- The latest scientific evidence makes it clear that voluntary commitments alone are not enough to end deforestation — a panel event in Brussels discussed whether legislation could play a part. The evidence is clear. The UN’s IPBES Global Assessment of the state of biodiversity spells out the urgent need for action to protect our natural world.
- This week saw the release of a landmark new report from the Intergovernmental Science-Policy Platform on Biodiversity and Ecosystem Services (IPBES), which assesses the state of the world’s ecosystems. The news is not good: massive loss of habitat, more than a million species facing extinction, severe threats to the natural world upon which we all depend.
- This year is proving to be one of great uncertainty for China’s soy crushing and livestock industries. The trade tensions with the United States and the outbreak of African Swine Fever have both had significant consequences for the Chinese soy and livestock feed industries, affecting demand and profit margins.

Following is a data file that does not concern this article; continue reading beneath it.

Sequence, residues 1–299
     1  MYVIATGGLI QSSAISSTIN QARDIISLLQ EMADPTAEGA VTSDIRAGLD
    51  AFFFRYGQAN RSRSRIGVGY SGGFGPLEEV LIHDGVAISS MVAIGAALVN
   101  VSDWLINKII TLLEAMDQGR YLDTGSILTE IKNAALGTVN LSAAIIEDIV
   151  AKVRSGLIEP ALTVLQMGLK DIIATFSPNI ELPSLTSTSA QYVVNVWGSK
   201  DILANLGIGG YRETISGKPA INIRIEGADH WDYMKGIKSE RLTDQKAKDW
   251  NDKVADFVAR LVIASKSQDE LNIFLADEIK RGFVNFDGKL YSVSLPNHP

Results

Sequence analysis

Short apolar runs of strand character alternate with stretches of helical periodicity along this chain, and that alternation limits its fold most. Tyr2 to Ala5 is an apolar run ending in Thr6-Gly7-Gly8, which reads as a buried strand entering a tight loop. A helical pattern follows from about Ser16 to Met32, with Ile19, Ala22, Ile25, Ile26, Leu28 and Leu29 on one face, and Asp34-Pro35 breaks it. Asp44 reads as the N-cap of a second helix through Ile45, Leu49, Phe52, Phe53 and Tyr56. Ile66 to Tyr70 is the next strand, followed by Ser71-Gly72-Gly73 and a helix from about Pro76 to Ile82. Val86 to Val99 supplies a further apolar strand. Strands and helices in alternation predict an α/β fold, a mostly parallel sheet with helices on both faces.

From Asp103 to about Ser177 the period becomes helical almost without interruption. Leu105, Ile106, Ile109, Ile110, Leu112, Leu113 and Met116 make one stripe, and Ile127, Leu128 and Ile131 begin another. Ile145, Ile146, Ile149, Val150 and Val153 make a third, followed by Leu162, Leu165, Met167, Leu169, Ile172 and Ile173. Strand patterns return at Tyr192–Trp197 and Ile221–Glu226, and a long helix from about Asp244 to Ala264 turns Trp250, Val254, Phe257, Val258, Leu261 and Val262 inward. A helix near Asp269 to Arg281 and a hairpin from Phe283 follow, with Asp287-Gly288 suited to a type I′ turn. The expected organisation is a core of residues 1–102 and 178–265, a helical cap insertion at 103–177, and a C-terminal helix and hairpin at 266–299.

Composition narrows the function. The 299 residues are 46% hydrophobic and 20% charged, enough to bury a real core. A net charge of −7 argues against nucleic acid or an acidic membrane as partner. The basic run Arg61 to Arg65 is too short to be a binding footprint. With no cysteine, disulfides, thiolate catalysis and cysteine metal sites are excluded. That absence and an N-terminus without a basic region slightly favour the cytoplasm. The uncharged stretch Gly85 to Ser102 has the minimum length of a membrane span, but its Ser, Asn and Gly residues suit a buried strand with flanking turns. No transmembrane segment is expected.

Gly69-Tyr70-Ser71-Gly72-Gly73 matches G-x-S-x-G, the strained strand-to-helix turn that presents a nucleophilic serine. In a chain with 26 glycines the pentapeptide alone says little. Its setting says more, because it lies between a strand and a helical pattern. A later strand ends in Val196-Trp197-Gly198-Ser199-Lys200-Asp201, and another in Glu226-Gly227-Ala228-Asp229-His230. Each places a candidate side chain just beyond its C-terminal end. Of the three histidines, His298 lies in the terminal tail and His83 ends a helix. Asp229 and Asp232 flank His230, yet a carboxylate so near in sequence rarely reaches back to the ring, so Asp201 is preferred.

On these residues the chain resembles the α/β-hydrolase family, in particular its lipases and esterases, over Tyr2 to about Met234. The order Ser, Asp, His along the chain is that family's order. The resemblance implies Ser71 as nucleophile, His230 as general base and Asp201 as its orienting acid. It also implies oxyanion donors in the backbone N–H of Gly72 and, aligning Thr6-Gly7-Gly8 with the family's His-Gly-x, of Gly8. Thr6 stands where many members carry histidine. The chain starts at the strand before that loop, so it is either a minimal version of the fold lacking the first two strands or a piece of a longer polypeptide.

- Do companies at any point in the Brazil-China beef and leather supply chains have robust policies to assess and address deforestation risk? Their deforestation policies matter because China is the world’s biggest importer of beef and leather from Brazil, where cattle production is the main direct driver of deforestation and other native vegetation loss.
What We Do
All our work focuses on the production, trade and financing of commodities such as soy, beef and palm oil that are responsible for two thirds of deforestation worldwide:
Bringing unprecedented transparency to the commodity supply chains which run from forest landscapes to consumers worldwide
The Finance Sector
Following the trillions of dollars in loans and investments linked to deforestation, and enabling better decision-making on natural capital by financial institutions
Financing Sustainable Landscapes
Supporting forward-thinking governments in key forest regions to secure investment to protect forests, boost agricultural productivity and improve water security